Southern Movement. Established in 2007, the Southern Movement is an umbrella organization of many groups, some of them militant, some not, aiming to gain autonomy or independence for historic South Yemen, formerly a Marxist state called the People’s Democratic Republic of Yemen, that was joined to the northern theocratic Yemen Arabic Republic in 1990. Many leaders associated with the Southern Movement boycotted the National Dialogue Conference that followed the Revolution of Dignity, and those that did participate ultimately rejected its outcome, arguing that historic South Yemen should not be split into two federal units, but should remain as one.
Muhammad bin Salman (MbS). The Crown Prince and current Deputy Prime Minister of the Kingdom of Saudi Arabia. He was appointed by his father to this position in June of 2017 after serving as the Minister of Defense for two years beginning in January 2015. MbS is known as the lead prosecutor of the war in Yemen and has also been implicated in directing the brutal death and dismemberment of Washington Post reporter and Saudi dissident, Jamal Kashogghi.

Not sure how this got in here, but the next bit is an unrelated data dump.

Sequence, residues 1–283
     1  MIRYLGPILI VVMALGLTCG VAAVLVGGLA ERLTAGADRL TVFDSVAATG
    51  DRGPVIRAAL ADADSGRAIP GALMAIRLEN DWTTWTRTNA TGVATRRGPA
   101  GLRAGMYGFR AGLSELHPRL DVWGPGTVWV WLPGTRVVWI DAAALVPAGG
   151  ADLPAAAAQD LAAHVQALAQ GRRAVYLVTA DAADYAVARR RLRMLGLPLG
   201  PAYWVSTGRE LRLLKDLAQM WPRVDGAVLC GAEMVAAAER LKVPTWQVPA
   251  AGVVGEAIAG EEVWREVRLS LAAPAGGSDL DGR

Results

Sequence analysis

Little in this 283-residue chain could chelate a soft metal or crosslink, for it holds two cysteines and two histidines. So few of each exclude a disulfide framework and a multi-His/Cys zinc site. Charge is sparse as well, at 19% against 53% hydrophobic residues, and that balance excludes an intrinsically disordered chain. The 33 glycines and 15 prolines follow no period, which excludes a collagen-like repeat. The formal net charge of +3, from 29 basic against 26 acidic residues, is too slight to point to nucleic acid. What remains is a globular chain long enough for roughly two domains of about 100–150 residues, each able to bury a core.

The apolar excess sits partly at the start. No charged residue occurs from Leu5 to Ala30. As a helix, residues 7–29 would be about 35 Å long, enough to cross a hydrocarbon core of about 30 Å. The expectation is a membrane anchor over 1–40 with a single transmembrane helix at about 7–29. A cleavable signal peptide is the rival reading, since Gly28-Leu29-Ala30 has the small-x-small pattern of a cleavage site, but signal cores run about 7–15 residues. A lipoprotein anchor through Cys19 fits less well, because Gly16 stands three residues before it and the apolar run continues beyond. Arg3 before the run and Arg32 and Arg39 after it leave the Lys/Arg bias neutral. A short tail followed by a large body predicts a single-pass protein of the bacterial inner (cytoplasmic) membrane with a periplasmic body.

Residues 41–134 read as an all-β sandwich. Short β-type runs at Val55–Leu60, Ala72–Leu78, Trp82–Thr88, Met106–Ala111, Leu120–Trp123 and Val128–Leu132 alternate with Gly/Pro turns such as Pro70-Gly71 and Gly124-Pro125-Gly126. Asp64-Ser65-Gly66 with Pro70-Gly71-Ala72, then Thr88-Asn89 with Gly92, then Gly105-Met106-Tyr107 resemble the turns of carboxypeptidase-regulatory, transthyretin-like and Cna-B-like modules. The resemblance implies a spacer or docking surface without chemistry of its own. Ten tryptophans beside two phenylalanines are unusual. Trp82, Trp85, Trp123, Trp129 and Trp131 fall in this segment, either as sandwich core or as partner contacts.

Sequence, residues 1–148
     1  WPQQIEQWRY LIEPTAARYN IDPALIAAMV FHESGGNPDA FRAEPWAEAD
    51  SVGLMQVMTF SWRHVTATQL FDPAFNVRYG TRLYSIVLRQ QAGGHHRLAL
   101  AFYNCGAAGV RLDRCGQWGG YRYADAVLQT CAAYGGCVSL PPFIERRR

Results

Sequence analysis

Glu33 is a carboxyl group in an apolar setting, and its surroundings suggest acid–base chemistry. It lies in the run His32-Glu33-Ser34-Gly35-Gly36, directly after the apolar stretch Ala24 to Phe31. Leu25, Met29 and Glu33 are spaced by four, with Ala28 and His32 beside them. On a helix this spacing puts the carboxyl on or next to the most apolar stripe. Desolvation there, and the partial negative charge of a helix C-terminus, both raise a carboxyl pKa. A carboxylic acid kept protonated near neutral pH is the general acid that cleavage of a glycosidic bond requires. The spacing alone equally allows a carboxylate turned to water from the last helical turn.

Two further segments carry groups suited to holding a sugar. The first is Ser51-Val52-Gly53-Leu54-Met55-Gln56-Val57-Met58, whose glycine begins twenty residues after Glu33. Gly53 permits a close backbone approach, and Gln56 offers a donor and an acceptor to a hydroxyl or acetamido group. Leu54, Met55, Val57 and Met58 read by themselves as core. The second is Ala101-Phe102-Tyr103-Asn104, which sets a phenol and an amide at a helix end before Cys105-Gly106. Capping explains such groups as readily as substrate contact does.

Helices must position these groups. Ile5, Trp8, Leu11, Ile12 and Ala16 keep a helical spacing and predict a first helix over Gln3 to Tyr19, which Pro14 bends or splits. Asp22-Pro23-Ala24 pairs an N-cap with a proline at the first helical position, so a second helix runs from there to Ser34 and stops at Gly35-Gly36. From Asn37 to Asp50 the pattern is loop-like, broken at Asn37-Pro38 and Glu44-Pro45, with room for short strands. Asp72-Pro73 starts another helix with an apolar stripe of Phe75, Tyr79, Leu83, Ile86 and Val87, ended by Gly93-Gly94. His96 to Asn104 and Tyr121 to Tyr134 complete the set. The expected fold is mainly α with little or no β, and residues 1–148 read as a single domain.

War Powers Resolution of 1973. Also the War Powers Act of 1973, this legislation passed in the wake of the Vietnam War, reaffirming the power of U.S. Congress to declare war as laid out in the U.S. Constitution. According to this legislation, the President is required to report to Congress within 48 hours if U.S. military forces are called into action. If the President does commit U.S. forces to military action without Congressional approval, it takes only one member of Congress to force a vote on the issue. The War Powers Resolution is currently being used by Members of Congress to trigger votes on ending U.S. military participation in the war in Yemen.